Not too long after that, I heard from my sister, Kay, who was terminally ill with tuberculosis. She had received the same report from Mother and Dad about the Apostolic Faith Church and was told that if she would come, the ministers would pray for her and she could be healed. She went to Portland, the ministers prayed for her, and God instantly healed her of tuberculosis.
My husband and I had moved to Montana, and I had found a church to attend, though it did not satisfy. Several well-meaning members of the congregation began praying for me to receive the baptism of the Holy Ghost. As I knelt and prayed one day to receive it, something in me resisted. I felt confusion and consternation within but did not understand why. I buried my face in my arms and cried out in my distress, “Lord, how shall I pray?” A still, small Voice spoke within, “Pray that I will give you what you need.” In that moment, I acknowledged that what I really needed was salvation.
Peace and love restored
Shortly after that, Kay invited me to attend the upcoming Apostolic Faith camp meeting in Portland with her. We traveled by train with our children, and it was such a happy journey. As we talked together, my heart was filled with joyful expectancy, and the children reflected our happiness.
When we arrived at the campground, I felt a Holy Presence resting there and felt as if I belonged. I thought, surely, this must be what Heaven is like. After one of the services, I went forward and prayed, saying, “God, You promised—our children must have the Truth for their anchor. Please lead me.” He did! Soon after that God restored the peace and love that I had experienced as a child, and I was able to say I was saved.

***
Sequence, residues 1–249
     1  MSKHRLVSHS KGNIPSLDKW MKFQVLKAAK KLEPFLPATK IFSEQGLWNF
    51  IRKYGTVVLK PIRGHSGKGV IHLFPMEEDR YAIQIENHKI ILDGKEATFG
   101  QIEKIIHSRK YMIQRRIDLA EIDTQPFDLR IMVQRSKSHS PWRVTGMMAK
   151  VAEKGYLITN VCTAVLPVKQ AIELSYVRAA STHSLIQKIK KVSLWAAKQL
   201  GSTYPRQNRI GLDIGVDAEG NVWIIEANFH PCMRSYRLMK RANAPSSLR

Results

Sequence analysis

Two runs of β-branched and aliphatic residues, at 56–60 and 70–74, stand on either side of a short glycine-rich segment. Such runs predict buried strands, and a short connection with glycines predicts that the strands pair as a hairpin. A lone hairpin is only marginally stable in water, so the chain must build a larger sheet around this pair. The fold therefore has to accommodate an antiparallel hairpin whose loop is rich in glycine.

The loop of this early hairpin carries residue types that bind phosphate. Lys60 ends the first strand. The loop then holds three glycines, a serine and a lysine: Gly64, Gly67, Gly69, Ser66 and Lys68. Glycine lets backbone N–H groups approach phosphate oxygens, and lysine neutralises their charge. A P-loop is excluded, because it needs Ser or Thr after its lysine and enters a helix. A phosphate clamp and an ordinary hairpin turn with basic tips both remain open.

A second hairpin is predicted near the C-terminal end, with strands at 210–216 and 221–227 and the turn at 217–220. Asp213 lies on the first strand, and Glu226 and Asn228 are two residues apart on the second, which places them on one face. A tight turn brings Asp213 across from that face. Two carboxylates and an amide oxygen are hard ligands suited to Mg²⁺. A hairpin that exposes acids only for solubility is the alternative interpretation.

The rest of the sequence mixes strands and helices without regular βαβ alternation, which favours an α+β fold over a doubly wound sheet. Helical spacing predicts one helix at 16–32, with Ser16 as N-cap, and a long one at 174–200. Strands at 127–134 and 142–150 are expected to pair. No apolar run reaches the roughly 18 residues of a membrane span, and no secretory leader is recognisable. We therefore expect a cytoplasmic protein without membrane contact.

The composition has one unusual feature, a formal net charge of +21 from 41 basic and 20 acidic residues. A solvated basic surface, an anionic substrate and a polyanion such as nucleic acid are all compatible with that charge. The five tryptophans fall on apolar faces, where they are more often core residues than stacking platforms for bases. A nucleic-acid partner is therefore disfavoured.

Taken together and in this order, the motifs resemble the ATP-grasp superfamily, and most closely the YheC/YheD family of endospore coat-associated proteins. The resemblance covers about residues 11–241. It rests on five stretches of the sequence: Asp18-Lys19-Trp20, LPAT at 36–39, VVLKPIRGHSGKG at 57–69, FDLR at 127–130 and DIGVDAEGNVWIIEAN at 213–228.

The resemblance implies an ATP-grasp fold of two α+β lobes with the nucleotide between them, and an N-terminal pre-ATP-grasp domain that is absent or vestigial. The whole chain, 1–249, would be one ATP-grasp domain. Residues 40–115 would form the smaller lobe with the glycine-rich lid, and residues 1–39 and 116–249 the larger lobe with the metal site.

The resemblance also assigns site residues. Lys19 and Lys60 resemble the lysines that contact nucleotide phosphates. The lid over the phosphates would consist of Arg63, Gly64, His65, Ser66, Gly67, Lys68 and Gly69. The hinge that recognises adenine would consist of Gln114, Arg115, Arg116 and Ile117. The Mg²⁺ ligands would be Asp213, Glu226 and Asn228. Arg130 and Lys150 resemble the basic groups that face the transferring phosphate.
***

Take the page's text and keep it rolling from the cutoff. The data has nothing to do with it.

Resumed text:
Then, in a way I cannot explain, God assured me that if I would teach my children to fear and honor Him, He would guard their steps from evil and His purpose would be fulfilled in their lives.
After returning home from the camp meeting, I began to pray fervently for God to move our family to Portland. About this time, my husband found that his job was not what he thought it would be. Also, our son had contracted rheumatic fever, and his doctor informed us that the extreme temperatures of Montana, ranging from very hot to very cold, were not conducive to his recovery. Within a few weeks, we were on our way to Portland. God had answered prayer!
As I prayed and consecrated my all to God, He sanctified me. This wonderful experience was something I had not even heard about until after we moved to Portland.
As our family began attending the Apostolic Faith Church, we sat under the ministry and teachings of godly men and women. Brother George Hughes, an Apostolic Faith missionary to Africa, was one who was such an encouragement to me. He was my Sunday school teacher for a time. During some of the classes, the Spirit of God was so powerful that many went to their knees in prayer before the class was over. It was through this class that a hunger for more of God grew within me.
As I prayed and consecrated my all to God, He sanctified me. This wonderful experience was something I had not even heard about until after we moved to Portland. Later, God also baptized me with the Holy Ghost.
God preserved our home, and those two small children have grown up to be a blessing to us. We now have many beautiful grandchildren who are being raised under the sound of the Gospel.
Over the years, I have reflected back to that day of decision and asked myself, “What if I had chosen differently?” At the time, I did not comprehend the magnitude of my decision, but it has been like a tiny trickle from a mountain spring, ever widening through the years, until it will one day merge into the vast river of eternity.
Gratitude fills my heart at each remembrance of that day when I met the Lord at the crossroads of life.
Ona Mae Worthington